For Masterpiece London 2016 we have brought together a representative group of works by Rowlandson. The group includes drawings from across his career and works covering a multitude of diverse subjects, from savage satires and popular cartoons, to landscape drawings and furniture design.
During the run up to Masterpiece we will be looking at some of the drawings in detail but here we discuss Rowlandson’s critical reputation over the last century.
Writing shortly after the death of Thomas Rowlandson, his friend, Henry Angelo noted:
‘Everyone at all acquainted with the arts must well know the caricature works of that very eccentric genius: the extent of his talent, however, as a draughtsman is not so generally known… His powers indeed were so versatile, and his fancy so rich, that every species of composition flowed from his pen with equal facility.’
Since 1827 Rowlandson’s reputation as a draughtsman has gone through successive periods of neglect and revival. By the 1880s Rowlandson’s drawings were highly celebrated and much copied with interest in Rowlandson reaching a peak in 1927 with the Tate’s centenary exhibition. For collectors and writers such as Paul Oppé, Rowlandson represented the quintessence of eighteenth-century life, Oppé’s 1923 study was the first full-length assessment of Rowlandson’s work.
After neglect during the depression, the post-war period saw several collectors and curators drive a period of sustained interest in Rowlandson’s work. Amongst the most distinguished collectors was Gilbert Davis, part of whose collection was acquired en bloc by Robert Wark for the Huntington Library in San Marino. Wark was an incisive scholar of Rowlandson’s work, adding to the volumes of drawings which had been bought by the library’s founder, Henry Huntington and eventually publishing the collection in an important catalogue in 1974. It was during this period that Paul Mellon formed his great Rowlandson collection, now at the Yale Center for British Art, which was published by John Baskett and Dudley Snelgrove in 1977. Rowlandson even received important scholarly attention from Ronald Paulson, a pioneer of the New Art History, who in 1972, offered a broader contextual reading of Rowlandson’s subject matter. However, since the 1970s, there has been a gradual decline in scholarly interest in Rowlandson.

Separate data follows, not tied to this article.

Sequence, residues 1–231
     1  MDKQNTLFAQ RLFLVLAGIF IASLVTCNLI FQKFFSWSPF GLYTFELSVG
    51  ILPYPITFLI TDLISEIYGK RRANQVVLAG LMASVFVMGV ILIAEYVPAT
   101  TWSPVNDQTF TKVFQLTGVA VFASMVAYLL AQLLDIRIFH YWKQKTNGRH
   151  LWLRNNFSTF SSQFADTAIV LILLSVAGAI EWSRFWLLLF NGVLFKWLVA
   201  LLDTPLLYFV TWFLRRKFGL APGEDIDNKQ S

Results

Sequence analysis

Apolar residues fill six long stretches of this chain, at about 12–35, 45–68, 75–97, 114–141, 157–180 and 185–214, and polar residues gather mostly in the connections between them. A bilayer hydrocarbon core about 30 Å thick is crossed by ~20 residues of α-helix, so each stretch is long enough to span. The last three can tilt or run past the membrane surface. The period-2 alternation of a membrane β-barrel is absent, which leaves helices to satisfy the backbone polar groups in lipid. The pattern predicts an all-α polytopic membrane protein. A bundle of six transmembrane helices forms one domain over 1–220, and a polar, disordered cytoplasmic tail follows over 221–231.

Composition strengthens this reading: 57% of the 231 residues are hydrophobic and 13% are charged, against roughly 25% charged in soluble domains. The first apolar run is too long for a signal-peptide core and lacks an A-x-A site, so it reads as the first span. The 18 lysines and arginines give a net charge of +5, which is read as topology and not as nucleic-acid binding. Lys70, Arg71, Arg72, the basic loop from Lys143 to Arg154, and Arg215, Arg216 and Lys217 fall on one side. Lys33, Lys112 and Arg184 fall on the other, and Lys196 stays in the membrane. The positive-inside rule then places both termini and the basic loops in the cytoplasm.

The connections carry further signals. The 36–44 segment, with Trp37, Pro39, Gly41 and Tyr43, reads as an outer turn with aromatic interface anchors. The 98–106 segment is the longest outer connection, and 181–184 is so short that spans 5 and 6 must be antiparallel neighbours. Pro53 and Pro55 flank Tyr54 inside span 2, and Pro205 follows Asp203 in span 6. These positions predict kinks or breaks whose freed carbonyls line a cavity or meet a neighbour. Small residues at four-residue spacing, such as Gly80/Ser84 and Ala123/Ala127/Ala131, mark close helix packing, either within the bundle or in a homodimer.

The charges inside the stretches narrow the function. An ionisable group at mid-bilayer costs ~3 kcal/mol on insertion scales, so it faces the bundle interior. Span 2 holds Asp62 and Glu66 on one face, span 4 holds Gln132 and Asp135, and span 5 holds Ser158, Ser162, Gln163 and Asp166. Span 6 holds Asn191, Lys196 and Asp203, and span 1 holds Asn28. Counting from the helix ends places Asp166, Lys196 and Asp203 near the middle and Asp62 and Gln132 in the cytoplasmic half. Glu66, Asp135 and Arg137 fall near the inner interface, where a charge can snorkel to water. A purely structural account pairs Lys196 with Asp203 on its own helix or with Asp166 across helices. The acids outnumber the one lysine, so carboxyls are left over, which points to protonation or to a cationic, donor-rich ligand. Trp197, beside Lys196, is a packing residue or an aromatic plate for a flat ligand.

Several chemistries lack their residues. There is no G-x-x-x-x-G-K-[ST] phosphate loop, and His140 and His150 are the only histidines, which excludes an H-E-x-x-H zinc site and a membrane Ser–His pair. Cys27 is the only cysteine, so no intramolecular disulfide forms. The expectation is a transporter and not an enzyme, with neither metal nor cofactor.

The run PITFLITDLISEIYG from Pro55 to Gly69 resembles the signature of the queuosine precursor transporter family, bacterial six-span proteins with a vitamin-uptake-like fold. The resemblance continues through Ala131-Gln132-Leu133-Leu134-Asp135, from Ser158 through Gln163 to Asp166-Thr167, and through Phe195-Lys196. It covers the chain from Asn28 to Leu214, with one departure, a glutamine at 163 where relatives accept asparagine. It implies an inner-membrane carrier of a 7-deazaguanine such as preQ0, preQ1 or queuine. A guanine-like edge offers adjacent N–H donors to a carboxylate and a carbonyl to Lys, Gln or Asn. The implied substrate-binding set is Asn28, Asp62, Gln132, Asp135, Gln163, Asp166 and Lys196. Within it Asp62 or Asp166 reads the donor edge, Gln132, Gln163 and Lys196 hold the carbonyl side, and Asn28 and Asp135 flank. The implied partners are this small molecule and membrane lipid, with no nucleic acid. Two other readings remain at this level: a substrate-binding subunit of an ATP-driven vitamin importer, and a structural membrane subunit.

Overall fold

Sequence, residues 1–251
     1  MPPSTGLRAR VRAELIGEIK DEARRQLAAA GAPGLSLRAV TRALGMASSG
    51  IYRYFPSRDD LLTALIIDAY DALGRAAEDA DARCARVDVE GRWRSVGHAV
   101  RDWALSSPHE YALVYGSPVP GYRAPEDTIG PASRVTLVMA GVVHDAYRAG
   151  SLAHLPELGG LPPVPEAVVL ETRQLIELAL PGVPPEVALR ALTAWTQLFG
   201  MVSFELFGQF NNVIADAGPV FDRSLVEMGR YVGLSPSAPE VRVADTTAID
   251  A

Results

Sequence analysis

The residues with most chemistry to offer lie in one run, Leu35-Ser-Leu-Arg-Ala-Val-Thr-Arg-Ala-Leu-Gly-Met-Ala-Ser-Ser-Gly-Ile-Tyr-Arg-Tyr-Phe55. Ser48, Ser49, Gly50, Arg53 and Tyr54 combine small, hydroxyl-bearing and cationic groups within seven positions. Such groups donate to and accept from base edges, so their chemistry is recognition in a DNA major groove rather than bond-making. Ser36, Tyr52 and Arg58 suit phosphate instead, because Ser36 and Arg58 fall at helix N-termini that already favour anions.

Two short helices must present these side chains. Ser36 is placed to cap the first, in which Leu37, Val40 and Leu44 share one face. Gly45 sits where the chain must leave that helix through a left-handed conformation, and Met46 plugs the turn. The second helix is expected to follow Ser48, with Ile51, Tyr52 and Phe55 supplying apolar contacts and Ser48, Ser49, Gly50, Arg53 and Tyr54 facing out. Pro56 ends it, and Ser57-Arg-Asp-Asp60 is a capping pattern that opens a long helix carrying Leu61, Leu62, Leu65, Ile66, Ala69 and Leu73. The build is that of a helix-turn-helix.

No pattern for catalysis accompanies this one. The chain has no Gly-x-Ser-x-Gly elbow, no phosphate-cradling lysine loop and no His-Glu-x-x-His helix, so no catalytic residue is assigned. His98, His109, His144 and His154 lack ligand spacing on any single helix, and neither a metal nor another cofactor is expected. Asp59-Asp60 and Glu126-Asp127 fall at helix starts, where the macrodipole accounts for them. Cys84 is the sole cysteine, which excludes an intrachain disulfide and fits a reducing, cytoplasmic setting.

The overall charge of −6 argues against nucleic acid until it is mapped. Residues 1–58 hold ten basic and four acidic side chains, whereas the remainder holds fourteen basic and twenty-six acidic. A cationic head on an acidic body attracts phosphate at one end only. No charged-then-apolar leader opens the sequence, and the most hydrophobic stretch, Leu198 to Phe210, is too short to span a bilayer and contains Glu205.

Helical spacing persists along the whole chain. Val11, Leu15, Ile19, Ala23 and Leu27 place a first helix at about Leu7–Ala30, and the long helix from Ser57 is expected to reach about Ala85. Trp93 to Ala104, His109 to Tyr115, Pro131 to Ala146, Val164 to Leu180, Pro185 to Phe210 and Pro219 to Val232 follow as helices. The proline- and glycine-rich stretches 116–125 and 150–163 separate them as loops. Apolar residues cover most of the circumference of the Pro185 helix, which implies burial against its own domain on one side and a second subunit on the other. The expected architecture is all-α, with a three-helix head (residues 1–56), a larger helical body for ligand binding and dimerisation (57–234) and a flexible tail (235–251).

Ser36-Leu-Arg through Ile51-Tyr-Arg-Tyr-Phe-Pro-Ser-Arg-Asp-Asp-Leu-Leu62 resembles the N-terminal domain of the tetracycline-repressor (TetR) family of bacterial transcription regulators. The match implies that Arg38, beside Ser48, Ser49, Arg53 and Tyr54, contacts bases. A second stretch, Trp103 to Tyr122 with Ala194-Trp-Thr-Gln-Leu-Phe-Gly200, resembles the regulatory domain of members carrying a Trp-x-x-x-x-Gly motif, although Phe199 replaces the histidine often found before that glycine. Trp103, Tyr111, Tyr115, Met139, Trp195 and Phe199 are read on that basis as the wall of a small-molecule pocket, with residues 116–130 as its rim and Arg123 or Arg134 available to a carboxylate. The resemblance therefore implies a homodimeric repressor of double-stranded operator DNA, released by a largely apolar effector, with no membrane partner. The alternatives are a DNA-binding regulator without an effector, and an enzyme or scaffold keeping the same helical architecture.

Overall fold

The most important Rowlandson exhibition in over a generation was organised by John Hayes in the US in 1990. When we organised ‘Beauty and the Beast’ in 2007, a loan exhibition of Rowlandson’s works from British private collections, it was the first serious show to have been devoted to Rowlandson in Britain for some thirty years. Despite recent, excellent exhibitions, including a significant show at the Royal Collection, the interest in Rowlandson remains intermittent. Flipping through the great catalogues produced by Wark, Baskett and Snelgrove and Hayes it is clear that Rowlandson is ripe for both serious scholarly investigation and a beautiful public exhibition.
The Royal Hospital Chelsea · Stand D18
Thursday 30 June 11:00 – 21:00
Friday 1 July 11:00 – 21:00
Saturday 2 July 11:00 – 18:00
Sunday 3 July 11:00 – 18:00
Monday 4 to Wednesday 6 July 11:00 – 21:00